EDITOR’S NOTE: All vote counts reported in today’s edition were as of midnight Tuesday with 106 of 144 precincts in Cobb reporting. For further coverage and results, visit mdjonline.com.

MARIETTA — Election Day in Cobb began with reports of some voting precincts struggling with technical issues, setting up machines late or experiencing long delays amid safety measures prompted by the coronavirus pandemic.

Cobb and state elections officials warned that delays could be expected as polling places space people 6 feet apart, take time to clean voting areas and use fewer voting machines to limit capacity. But some voters expressed their frustration with non-pandemic-related problems to the MDJ.

Angela Glover, who lives in the Worthington Oaks subdivision in Powder Springs and serves as its homeowners association president, said she waited three hours to vote at the Austell Community Center on Joe Jerkins Boulevard despite having arrived at about 6:40 a.m., 20 minutes before doors were to open.

Glover said doors to the polling location did not open on time, and once they did, only two machines were set up. Even still, those two machines were malfunctioning and could not be used, she said.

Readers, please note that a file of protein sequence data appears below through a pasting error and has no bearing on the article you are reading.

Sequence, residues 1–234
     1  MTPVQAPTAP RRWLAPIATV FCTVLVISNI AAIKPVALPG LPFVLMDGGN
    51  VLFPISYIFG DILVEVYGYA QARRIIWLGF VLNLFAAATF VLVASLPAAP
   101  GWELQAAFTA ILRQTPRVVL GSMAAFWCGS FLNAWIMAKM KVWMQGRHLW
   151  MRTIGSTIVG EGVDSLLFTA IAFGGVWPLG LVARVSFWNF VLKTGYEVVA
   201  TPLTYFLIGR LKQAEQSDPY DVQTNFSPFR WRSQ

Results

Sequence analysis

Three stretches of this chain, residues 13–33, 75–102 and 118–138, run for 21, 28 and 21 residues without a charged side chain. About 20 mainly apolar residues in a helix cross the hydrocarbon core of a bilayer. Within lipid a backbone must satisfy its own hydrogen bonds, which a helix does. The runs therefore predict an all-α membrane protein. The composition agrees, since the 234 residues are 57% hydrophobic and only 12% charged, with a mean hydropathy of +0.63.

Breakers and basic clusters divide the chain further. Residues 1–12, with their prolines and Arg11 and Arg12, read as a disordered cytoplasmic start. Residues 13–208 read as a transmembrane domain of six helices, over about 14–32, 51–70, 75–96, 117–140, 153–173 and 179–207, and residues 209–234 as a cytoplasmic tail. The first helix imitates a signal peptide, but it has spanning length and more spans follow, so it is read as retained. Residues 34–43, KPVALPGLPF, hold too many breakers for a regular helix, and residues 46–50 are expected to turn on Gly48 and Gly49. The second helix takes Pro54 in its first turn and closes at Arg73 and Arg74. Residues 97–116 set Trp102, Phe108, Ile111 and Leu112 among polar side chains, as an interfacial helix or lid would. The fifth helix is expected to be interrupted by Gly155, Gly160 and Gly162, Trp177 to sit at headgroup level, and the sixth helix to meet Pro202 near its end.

“The supervisor was calling to find out how to do provisional voting, because apparently there’s a whole other process,” she said, adding that some voters were forced to cast provisional ballots. “After about three hours, I finally got inside and they had six of the machines working.”

Glover said she’d been voting at the Austell precinct for years but had never encountered such a scenario. She said she contacted Austell Mayor Ollie Clemons, who said he’d “look into it,” and also submitted a complaint after receiving instructions from representatives of Fair Fight Action, an organization created by Stacey Abrams to address voter suppression.

“Hopefully those measures helped to put some pressure on getting the site up and running three hours later,” she said.

County spokesman Ross Cavitt sent an emailed message to multiple media outlets addressing the issues on Tuesday afternoon.

Cavitt said several precincts would likely stay open after 7 p.m., “after they had varying issues getting the polls open and running at 7 a.m.”

Keeping the precincts open late is a request that must come before a judge, Cavitt said. Late in the afternoon, that request was granted by Cobb Superior Court Judge Robert Leonard, and 19 polling locations were approved for closures at 8 p.m.

Despite the reports of hourslong wait times at some precincts, Cavitt claimed waits had been “smaller than expected,” and many precincts reported “no waiting for those coming to vote.”

“We have not had any systemic issues, there have been problems that include slower than expected setup, internet issues at polling locations, and minor equipment problems,” he said.

Crystal Henderson and her son Chris Henderson, a first-time voter, voted at the precinct at Noonday Baptist Church in north Cobb and said the process went smoothly. Crystal Henderson did say, however, that her daughter reported showing up to the location earlier in the day to find it closed.